Supply and Demand

WHEN IT COMES TO custom trucks, the aftermarket rules the land—and that sets the consumer up for a little Economics 101 and a lesson in supply and demand. For customizing and upgrading, parts are supplied for the most popular trucks, and for years now that truck has worn a bowtie. This creates a cycle where the parts that are available cause an increase in the same truck being customized over and over.

When building something to this caliber you have to build your own supply so that your brand is now the demand.

However, when you are a custom shop and you’re tired of seeing the same old truck being built time and time again, you create your own aftermarket and tip the scale of supply and demand in your favor. That’s where this particular fat fender F-100’s story begins.

Enter Juanky Built, the small operation created by Juan Ibarra in Miami. Juan established his shop years ago as a side gig to show his creativity and explore projects most people wouldn’t build.

Years have gone by and Juanky Built has expanded from a small garage to a large warehouse in which to create his projects.

As a hobbyist, his resume includes Dodges, both classic and modern, Unibody Fords, Chevy C10s and now this beautiful


Purchased from Edwin Flores, this truck first came to Juan as an unfinished project he could keep for himself. However, as time elapsed on this long project, Flores witnessed the passion and dedication Juan had for the F-100 and ultimately purchased it back so that Juan would instead finish the project for him and build him an uncompromised show truck.

When it comes to detail, there is certainly no shortage here.

Let’s go back to the way this truck was when Juan received it. It was a basket case, an idea started, a Frankenstein chassis and a long way from completion. Metal work had been started to both the body and chassis, but Juan’s experienced eye knew better than to ignore the blatant disregard for detail and correct fitment. So, like many custom shops that acquire an unfinished project, he began to peel back the layers of poor craftsmanship to apply better and more correct quality for this deserving truck.

Starting with the chassis, Juan decided to go over the whole frame and bring it up to his standards. Reworking the front suspension with a Mustang II IFS kit from Heidts and a special set of lower control arms from GSI Machine and Fabrication in Arizona allowed Juan to get the correct track width for this truck. Finishing up the front is a set of Ridetech shockwaves. Out back, he completely remodeled the frame notch and built a custom four-link utilizing Air Lift ‘bags and QA1 shocks. After rebuilding the chassis, Juan took it a bit further and decided to smooth all the welds to make a seamlessly smooth piece of art. As if that wasn’t enough, he two-toned the frame, machined every head bolt smooth and ran AN fittings throughout the whole frame for that extra bit of custom.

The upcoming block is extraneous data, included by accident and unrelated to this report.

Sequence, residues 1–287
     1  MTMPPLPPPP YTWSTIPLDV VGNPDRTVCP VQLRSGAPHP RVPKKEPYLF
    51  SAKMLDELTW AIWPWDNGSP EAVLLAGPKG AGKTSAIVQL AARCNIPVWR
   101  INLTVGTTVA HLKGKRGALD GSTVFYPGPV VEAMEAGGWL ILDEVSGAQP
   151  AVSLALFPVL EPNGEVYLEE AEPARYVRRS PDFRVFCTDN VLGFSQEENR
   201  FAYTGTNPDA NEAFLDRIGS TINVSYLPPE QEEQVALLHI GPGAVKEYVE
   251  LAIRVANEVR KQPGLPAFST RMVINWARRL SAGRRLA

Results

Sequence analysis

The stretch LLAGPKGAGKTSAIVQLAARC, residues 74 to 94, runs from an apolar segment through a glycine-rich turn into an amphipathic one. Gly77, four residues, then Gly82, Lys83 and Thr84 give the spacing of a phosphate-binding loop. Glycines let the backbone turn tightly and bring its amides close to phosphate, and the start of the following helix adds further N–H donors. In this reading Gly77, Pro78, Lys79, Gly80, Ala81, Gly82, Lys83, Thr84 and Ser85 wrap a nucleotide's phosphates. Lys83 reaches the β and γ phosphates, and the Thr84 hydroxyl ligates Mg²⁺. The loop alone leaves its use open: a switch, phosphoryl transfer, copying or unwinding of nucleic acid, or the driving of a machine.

A view from the back should always be this nice!

Once the frame was finished, he began to focus back on the body and started the fabrication needed to put this build over the top. To the civilian eye, this 1953 Ford body seams fairly stock; however, the skilled eye can see the many subtle changes made. Let’s start with the most obvious: This ’53 model truck has a ’56 model grille that Juan feels adds a little finesse to the front end. You can also see that the back glass has been transplanted with a big back window from a ’56 model truck as well. Now that your eyes are focusing correctly you can really see what Juan was trying to achieve. Additionally, he began directing his attention to more subtle changes such as the shaved drip rails, the widened rear fenders, the smooth running boards and the extended rear fenders to make the fender-to-body transition flow from bumper to bumper. Speaking of bumpers, the front bumper is a one-off design using almost two whole stock bumpers to give depth and shape to an otherwise boring façade. Further enhancing the bumper is an aluminum portion making a somewhat understated but necessary chin spoiler.

Upon finishing these details and dedicated to augmenting his design, he decided to spend some time accentuating the bed floor of this truck since it would carry an open floor design. First making sure the insides were smooth as glass, and then making a mod most wouldn’t dare, he used Chevy C10 truck inner fenders to cover the wide tread. Next, he built the custom floor using aluminum planks painted to resemble wood, followed by cutting acrylic strips mimicking aluminum to hold the faux wood planks in place. Capping off, quite literally, the bed and frame design are the aluminum horn buttons used for the bag cups and the stylish gas cap by Crafty B Nostalgic Speed Parts.